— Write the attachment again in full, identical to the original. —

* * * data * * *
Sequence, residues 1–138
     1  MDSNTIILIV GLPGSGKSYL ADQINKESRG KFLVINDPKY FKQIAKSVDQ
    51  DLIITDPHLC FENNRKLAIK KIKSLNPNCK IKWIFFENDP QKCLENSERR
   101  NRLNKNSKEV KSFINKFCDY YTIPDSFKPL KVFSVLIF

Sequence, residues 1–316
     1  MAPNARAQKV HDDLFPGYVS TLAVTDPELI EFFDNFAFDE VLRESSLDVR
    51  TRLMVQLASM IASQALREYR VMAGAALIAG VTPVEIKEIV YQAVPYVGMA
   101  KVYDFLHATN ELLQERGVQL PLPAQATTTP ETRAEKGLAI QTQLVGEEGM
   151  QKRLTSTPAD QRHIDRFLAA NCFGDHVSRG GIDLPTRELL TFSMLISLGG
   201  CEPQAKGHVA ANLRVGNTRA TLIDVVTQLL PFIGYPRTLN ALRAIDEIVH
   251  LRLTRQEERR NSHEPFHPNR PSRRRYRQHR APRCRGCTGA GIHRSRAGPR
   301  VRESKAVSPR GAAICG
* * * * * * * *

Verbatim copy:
Sequence, residues 1–138
     1  MDSNTIILIV GLPGSGKSYL ADQINKESRG KFLVINDPKY FKQIAKSVDQ
    51  DLIITDPHLC FENNRKLAIK KIKSLNPNCK IKWIFFENDP QKCLENSERR
   101  NRLNKNSKEV KSFINKFCDY YTIPDSFKPL KVFSVLIF

Sequence, residues 1–316
     1  MAPNARAQKV HDDLFPGYVS TLAVTDPELI EFFDNFAFDE VLRESSLDVR
    51  TRLMVQLASM IASQALREYR VMAGAALIAG VTPVEIKEIV YQAVPYVGMA
   101  KVYDFLHATN ELLQERGVQL PLPAQATTTP ETRAEKGLAI QTQLVGEEGM
   151  QKRLTSTPAD QRHIDRFLAA NCFGDHVSRG GIDLPTRELL TFSMLISLGG
   201  CEPQAKGHVA ANLRVGNTRA TLIDVVTQLL PFIGYPRTLN ALRAIDEIVH
   251  LRLTRQEERR NSHEPFHPNR PSRRRYRQHR APRCRGCTGA GIHRSRAGPR
   301  VRESKAVSPR GAAICG